The specific numbers will vary by aircraft type and model, but from an empty dry wing, you can add thousands of pounds of fuel to each wing. Then on a winter night, add several pounds of ice/snow to every square foot of the wing's surface, which can easily remain there for hours or days. Granted, this is all weight that is on the wing rather than on the fuselage, but as was pointed out, these wings support over 50 tons of aircraft weight at cruise and can handle over double that at a sustained G load, so these are pretty stout structures. A couple dozen people just isn't that big a load for a structure that can handle loads WELL over an order of magnitude greater on a fairly routine basis.

Each aircraft has its own design for how much it weight it has to hold on the wing. This is incorporated when an airliner goes through certification (I believe it needs to carry 3 times it's design load for 5 seconds, but I may be wrong in that).

Some airplanes are required to hold lots of weight on the wings, not only from the forces of flight, but also by the possibility of evacuations. According to Wikipedia, aircraft such as the Boeing 747 can hold 740 kg/m2. With a wing area of 525 m2, this means that the wings can hold 388 500 kg. Assuming each passenger is about 100 kilograms, that means you can hold 3885 people on the wing at once. That is, of course, if you can manage to fit them all in that gaggle without slipping off. It'd be pretty tough getting 5 people in a square metre, would it not?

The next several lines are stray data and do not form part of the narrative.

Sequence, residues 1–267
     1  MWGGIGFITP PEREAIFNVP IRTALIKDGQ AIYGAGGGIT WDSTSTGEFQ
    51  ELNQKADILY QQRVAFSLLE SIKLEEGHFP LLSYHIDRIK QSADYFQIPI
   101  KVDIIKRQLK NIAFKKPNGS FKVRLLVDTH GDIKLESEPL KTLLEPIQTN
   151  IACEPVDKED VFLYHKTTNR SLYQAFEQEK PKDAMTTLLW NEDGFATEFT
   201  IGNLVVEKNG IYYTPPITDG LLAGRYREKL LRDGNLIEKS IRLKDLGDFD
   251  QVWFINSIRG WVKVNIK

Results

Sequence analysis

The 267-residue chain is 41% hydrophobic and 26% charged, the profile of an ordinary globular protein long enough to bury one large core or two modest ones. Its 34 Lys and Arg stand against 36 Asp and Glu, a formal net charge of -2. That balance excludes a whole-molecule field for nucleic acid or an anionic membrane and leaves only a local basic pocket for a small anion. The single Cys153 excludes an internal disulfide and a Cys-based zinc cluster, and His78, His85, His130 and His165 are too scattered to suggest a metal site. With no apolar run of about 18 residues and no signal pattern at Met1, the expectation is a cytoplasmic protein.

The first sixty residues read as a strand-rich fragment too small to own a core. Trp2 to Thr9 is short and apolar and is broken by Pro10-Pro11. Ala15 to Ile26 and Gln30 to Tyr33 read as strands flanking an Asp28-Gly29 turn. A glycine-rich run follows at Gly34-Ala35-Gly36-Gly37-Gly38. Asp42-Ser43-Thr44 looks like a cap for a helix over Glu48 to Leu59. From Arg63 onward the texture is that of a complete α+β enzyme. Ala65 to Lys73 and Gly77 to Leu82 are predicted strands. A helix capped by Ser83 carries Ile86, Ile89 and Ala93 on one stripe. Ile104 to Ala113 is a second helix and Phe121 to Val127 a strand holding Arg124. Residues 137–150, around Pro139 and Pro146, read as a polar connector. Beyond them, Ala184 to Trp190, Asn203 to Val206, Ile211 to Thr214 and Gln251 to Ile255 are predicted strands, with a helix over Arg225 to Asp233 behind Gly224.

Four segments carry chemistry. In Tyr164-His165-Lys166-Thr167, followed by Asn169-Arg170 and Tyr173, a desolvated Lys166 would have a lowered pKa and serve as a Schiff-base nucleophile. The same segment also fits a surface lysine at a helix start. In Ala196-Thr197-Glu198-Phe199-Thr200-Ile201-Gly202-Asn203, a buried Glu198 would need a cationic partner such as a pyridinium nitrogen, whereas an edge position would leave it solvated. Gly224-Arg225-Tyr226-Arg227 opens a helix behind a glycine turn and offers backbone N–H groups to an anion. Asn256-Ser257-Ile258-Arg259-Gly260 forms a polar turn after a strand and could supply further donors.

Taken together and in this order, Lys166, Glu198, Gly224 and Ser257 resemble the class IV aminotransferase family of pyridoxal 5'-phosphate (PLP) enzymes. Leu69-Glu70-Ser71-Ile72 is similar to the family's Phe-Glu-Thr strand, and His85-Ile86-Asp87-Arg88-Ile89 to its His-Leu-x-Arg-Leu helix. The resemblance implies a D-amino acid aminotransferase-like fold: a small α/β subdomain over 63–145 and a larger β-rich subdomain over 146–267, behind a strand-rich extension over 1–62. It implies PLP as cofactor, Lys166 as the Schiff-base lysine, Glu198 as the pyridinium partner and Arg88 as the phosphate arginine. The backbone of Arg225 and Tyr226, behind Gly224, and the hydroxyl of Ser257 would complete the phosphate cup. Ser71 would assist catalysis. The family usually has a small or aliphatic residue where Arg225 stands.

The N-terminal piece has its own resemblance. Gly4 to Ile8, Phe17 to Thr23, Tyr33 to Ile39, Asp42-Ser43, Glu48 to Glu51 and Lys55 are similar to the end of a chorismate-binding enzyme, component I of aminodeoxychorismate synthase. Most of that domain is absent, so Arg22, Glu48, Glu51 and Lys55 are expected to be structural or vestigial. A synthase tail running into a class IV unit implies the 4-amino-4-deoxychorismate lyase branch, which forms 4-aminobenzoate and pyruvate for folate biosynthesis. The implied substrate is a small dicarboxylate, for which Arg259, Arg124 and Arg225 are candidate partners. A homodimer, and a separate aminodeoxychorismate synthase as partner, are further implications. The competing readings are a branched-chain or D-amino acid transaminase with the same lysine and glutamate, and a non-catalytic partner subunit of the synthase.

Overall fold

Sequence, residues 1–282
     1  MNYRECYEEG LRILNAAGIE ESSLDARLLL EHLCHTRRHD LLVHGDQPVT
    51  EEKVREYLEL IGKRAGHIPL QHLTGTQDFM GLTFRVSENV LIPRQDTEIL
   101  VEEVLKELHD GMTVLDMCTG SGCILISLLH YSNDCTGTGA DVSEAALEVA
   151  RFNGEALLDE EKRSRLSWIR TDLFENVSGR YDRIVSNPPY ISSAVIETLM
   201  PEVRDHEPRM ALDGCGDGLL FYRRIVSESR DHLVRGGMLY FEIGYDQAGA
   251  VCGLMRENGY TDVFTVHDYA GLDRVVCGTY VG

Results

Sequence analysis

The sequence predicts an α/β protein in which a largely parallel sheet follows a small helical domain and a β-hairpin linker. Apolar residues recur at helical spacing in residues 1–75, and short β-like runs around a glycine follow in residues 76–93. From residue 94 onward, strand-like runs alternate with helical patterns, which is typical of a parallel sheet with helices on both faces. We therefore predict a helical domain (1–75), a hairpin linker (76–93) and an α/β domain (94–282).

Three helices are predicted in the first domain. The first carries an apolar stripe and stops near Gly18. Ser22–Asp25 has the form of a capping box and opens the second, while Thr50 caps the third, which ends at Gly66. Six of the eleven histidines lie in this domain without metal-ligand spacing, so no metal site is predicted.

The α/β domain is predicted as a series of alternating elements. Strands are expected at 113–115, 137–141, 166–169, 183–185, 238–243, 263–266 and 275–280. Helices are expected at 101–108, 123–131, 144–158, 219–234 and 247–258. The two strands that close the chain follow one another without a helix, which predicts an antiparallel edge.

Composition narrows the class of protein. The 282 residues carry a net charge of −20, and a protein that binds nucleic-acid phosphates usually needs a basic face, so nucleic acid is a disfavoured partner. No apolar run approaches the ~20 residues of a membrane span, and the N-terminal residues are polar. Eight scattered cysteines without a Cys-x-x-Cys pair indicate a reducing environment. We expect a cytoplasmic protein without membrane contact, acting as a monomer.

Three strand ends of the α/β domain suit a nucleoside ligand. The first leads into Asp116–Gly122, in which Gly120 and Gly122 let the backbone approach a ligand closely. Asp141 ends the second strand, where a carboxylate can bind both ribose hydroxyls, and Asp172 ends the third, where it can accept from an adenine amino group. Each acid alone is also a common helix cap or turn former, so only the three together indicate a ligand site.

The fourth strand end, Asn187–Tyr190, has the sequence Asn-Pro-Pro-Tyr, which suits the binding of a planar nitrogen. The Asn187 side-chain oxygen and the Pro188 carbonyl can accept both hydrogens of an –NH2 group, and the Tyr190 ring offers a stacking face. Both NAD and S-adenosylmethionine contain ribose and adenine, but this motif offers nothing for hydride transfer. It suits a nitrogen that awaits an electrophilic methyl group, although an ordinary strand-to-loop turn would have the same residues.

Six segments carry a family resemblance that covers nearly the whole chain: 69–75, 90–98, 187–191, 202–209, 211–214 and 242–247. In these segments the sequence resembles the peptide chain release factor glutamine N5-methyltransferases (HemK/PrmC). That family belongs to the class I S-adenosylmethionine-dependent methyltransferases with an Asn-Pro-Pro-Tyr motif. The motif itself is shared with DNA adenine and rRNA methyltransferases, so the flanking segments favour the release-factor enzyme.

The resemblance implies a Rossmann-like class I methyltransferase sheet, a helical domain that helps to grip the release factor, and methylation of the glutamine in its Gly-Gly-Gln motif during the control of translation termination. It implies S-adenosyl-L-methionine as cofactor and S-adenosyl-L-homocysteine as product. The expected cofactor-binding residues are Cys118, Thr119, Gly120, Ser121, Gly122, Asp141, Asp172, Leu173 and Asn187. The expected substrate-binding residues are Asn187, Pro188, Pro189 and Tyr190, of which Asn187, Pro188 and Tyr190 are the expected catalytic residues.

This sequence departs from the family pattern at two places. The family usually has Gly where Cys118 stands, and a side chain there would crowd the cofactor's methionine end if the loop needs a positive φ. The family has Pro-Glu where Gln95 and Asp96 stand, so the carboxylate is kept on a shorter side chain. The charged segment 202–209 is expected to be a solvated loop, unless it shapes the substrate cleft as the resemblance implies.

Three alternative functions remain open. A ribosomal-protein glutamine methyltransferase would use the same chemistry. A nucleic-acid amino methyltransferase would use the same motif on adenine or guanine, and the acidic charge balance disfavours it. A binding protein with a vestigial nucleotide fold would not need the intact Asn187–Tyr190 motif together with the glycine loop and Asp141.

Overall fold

• Over 1000 people on EACH WING? Where'd they all come from? Triple economy class seating??? That's actually a good illustration to compare wing capacity with aircraft capacity. – Ralph J Jun 15 '15 at 0:52
• Sorry! Not 1940, but 3885 (How'd you screw that up Zin)! Let just say that we stacked people on top of each other and hope they were skinny noodles, and hoped for the best as well. :) – Zizouz212 Jun 15 '15 at 1:00
• If I were an airline stockholder, the ability to stuff 2x3885 pax into a cabin, and not being allowed by administrations would haunt me all my life. We need less regulations. – mins Jun 15 '15 at 5:30
• @mins it's only a matter of time.. – Raystafarian Jun 15 '15 at 9:00
• @mins Well... the plane does have to hold a bit more than just passengers. Itself and the fuel, for example. Passengers are usually actually a relatively small percentage of the overall weight of an airliner, especially in the case of jets designed for long-hauls, like the 747. The fuel alone weighs (a lot) more than the pax. For a 747-400ER, the empty weight plus a full fuel load is 382,334 kg... and the MTOW is only 412,775 kg. In the case of a full fuel load, that leaves only 7.4% of the MTOW for pax+cargo. – reirab Jun 15 '15 at 15:11

Everyone pointed out that the total weight won't be a practical limitation. But what may be the limit is the local pressure on the wing skin. Aerodynamic forces are nicely distributed over the wing area. Not so with shoes. A small lady on high heels may do enough damage to ground the aircraft :) Not to mention that some people may start wandering on flaps and other "no step" areas, which may also cause structural damage.